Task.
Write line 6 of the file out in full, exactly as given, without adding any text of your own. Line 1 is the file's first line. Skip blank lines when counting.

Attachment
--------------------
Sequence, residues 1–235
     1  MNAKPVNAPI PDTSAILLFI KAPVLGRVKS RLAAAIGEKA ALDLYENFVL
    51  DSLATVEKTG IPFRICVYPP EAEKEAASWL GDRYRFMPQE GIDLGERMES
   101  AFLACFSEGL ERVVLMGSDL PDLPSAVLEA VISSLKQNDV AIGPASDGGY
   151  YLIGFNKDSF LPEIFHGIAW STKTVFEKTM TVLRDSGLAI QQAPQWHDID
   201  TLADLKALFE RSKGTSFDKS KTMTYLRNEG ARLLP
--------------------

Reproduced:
   201  TLADLKALFE RSKGTSFDKS KTMTYLRNEG ARLLP